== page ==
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I don't feel like I proved much here, all my life I took for granted that $0x=0$ was obvious but I really never even thought of questioning why that is so. I want to get ahead and learn the basics of Analysis before taking a course on it so I am looking to get basic facts right before moving on to the good stuff.

Thus, to see if I understand the concept of a field $-$I will call it $F-$ it was suggested to me that I try producing a convincing proof, based on what I know, of the presumably obvious fact that $$0x=0$$

I start by noting that there exists a "$0$ element" in $F$ such that for all $x \in F$, $0+x=x$.

$$\begin{align} (0+x)x&=0x+xx\\ (0+x)x-xx & = 0x \\ 0x+xx-xx & = 0x\\ \end{align}$$

I want to get rid of both $xx$ terms using axioms I know. The simplest for me is to use the distributive law $x(a+b)=xa+xb$ along with the property that there is an "inverse" element in $F$ for all elements of $F$ such that their sum is $x+(-x)=0$.

I get the following result: $$\begin{align} 0x+((x)(x))-((x)(x))&=0x\\ 0x+((x)(x))+((x)(-x))&=0x\\ 0x+x(x+(-x))&=0x\\ x(0+0)&=0x\\ x(0+0)-0x&=0\\ x((0+0)-0)&=0\\ \therefore \; 0x&=0 \tag*{$\blacksquare$} \\ \end{align}$$

I don't know why but this result does not feel satisfying to me at all and anything I tried so far either ended up this way or lead me to a circular reasoning tailspin. Is this acceptable and/or what would be a better way to prove that $0x=0$?

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  • $\begingroup$ I think this question has been answered a few times on the site. See here where I just searched for it, and see an example here. $\endgroup$ – Eff Mar 28 '17 at 21:57
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    $\begingroup$ I would probably start by noting that $0+0=0$; therefore $0x=(0+0)x=0x+0x$. Subtracting $0x$ then yields $0=0x$. $\endgroup$ – Nick Peterson Mar 28 '17 at 21:57
  • $\begingroup$ @Eff: sorry about that I did not mean to produce a duplicate, I was wondering whether my particular reasoning based my limited knowledge was correct. $\endgroup$ – user409521 Mar 28 '17 at 22:02
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    $\begingroup$ Honestly I do not understand why your first six lines have to to with anything and you make things to complicated. The crux is simply $x0 = x(0+0)$ because $0$ is the additive identity $x(0+0) = x0+x0$ by distributive property. And $x0 = x0 + x0\implies x0-x0\implies x0+x0 - x0\implies $0= x0$. $\endgroup$ – fleablood Mar 29 '17 at 7:57
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Since $0$ is the neutral element for the addition, we have that $$0x = (0 + 0)x$$ and because of distributivity we find that $$(0 + 0)x = 0x + 0x.$$ Hence we find that $$0x = 0x + 0x$$ so $0x$ also acts as the neutral element. Because of unicity of this element, we have that $0x = 0$.

$\textbf{Edit:}$ As Will Jagy commented, you could also use that $0x$ has an additive inverse, denoted by $-0x$ and applying this to both sides of the last equation immediately gives that $0 = 0x$.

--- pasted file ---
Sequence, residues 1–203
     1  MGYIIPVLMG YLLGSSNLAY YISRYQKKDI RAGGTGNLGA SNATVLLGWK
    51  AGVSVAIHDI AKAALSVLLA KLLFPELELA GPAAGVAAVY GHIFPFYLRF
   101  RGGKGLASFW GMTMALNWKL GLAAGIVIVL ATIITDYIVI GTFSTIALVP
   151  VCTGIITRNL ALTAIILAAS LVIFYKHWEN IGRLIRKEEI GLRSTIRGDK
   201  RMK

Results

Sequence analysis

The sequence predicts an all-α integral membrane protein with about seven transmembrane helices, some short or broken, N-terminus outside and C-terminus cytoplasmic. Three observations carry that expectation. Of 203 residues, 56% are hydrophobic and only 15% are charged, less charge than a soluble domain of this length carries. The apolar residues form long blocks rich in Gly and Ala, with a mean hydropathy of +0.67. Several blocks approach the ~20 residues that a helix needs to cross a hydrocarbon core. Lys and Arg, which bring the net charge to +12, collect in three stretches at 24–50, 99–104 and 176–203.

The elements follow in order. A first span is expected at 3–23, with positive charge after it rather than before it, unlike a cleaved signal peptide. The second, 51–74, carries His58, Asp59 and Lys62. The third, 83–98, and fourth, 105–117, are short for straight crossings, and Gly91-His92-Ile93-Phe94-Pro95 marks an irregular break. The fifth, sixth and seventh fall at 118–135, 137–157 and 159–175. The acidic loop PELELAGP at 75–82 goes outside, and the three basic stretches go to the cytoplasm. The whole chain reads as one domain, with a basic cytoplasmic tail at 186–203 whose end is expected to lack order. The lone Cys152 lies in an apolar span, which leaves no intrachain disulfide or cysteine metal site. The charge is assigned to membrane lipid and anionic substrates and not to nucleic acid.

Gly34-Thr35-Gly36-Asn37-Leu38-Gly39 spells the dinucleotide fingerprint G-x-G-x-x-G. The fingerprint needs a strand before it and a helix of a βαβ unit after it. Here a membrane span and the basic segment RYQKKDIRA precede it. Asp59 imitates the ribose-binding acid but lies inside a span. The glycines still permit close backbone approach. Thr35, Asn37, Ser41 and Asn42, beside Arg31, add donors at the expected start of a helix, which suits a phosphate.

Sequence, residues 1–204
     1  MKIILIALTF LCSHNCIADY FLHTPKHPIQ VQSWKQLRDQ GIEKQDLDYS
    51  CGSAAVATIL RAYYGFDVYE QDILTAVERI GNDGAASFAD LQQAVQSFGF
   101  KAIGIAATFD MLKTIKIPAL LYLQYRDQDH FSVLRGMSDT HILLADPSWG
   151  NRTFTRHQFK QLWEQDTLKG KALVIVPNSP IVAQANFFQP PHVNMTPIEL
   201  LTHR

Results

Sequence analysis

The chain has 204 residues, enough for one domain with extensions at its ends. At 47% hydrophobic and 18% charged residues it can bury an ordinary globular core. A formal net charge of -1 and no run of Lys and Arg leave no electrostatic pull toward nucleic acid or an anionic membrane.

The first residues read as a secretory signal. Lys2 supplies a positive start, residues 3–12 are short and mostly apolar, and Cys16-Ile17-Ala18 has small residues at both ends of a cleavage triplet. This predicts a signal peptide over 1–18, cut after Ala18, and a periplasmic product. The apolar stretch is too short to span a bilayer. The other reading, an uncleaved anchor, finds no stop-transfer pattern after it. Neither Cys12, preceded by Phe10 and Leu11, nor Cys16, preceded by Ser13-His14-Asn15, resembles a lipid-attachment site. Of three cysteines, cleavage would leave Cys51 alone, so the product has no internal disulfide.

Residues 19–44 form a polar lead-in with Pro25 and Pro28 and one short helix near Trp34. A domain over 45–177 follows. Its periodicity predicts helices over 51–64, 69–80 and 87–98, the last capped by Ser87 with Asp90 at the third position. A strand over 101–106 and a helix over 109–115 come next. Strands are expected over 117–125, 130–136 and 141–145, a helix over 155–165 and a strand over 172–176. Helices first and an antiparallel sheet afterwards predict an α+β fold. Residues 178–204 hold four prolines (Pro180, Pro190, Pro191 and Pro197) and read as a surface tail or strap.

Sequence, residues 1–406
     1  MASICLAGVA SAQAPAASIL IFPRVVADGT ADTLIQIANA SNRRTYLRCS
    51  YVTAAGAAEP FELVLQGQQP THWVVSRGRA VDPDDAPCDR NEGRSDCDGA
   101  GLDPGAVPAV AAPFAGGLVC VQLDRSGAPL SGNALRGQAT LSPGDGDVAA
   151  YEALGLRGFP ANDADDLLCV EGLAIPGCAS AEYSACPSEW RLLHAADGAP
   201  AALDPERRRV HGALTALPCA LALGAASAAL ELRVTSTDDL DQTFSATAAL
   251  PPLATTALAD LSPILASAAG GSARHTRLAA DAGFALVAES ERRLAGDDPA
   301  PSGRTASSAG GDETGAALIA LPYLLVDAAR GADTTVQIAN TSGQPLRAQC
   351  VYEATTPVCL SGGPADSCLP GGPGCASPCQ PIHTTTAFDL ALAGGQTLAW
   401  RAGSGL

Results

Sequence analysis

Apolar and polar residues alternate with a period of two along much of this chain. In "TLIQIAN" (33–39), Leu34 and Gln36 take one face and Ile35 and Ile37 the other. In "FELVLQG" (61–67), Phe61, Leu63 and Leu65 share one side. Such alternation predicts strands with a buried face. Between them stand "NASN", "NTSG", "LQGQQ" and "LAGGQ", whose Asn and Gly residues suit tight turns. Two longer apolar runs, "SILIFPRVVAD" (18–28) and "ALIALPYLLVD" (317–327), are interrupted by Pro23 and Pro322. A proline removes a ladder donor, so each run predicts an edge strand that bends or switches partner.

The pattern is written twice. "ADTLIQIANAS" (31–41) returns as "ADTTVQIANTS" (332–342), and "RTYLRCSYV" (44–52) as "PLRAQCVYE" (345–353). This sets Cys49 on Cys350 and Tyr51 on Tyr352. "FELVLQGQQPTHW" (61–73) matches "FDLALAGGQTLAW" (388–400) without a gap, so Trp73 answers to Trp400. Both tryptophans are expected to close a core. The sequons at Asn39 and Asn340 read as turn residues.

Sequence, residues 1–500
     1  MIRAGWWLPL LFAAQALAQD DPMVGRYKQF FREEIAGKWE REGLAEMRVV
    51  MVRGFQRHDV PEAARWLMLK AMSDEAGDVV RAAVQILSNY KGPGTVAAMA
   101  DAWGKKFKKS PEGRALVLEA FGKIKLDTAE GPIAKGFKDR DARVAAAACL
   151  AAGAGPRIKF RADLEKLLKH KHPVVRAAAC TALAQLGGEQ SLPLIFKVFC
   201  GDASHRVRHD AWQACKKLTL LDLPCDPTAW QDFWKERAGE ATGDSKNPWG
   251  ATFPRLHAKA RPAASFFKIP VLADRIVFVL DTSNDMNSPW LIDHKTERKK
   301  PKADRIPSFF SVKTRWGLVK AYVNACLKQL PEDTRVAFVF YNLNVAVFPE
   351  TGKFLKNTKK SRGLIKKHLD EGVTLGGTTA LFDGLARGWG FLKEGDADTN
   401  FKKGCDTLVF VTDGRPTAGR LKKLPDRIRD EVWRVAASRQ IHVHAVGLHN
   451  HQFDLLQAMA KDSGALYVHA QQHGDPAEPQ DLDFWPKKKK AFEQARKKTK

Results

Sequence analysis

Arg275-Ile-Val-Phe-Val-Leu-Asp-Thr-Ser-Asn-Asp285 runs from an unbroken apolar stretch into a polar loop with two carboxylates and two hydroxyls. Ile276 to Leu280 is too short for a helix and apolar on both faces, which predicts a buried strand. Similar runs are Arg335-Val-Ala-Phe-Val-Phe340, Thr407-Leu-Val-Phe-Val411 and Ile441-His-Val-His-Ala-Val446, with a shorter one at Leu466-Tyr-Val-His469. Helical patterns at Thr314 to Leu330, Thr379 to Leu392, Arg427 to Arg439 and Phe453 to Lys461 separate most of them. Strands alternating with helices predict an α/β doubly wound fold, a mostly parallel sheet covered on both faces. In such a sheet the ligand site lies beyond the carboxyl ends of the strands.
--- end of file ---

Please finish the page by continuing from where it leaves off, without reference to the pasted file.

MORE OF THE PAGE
$\textbf{Edit 2:}$ So what you did seems correct to me, but you basically took some extra step to find the step I used first. You could immediately take this step for the reason I gave.

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    $\begingroup$ you can also say that $0x$ has an additive inverse to subtract it from both sides of $0x=0x+0x$ $\endgroup$ – Will Jagy Mar 28 '17 at 21:59
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    $\begingroup$ @WillJagy: thanks for your comment, I will edit this. $\endgroup$ – Student Mar 28 '17 at 21:59
  • $\begingroup$ Thank you for taking time to answer and confirm what I have found, I appreciate it a lot! One last thing, is this a completely meaningless result? I'm asking because as opposed to doing induction proofs (which makes me feel like a wizard when I get them right) this proof still does not feel satisfying to me at all... $\endgroup$ – user409521 Mar 28 '17 at 22:21
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    $\begingroup$ @Phyllotactic yeah, it might feel as a quite trivial result, since you used it a lot when working with real numbers for example. For example, if you get to 'complete order' of the reals, you can also proof that $0 < 1$. The proof will give little satisfaction, since it is something which seems very trivial! Induction proof on the contrary seem very advanced, since you are proving statement which might not be obvious at all. Consider this proof and the one of $0 < 1$ as being exercises on using the right definitions at the right moment. :) $\endgroup$ – Student Mar 28 '17 at 22:30
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Starting from $ax=ax$ you can find $ax-ax=0$. Then you can take out $x$ as $x(a-a)=0$. Now, if you know that $a-a=0$, then you have finished.

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    $\begingroup$ Don't you use in this case that $-ax = (-a)x$ in the distribution step? (I only know proofs of this which use that $0x = 0$). $\endgroup$ – Student Mar 29 '17 at 15:41

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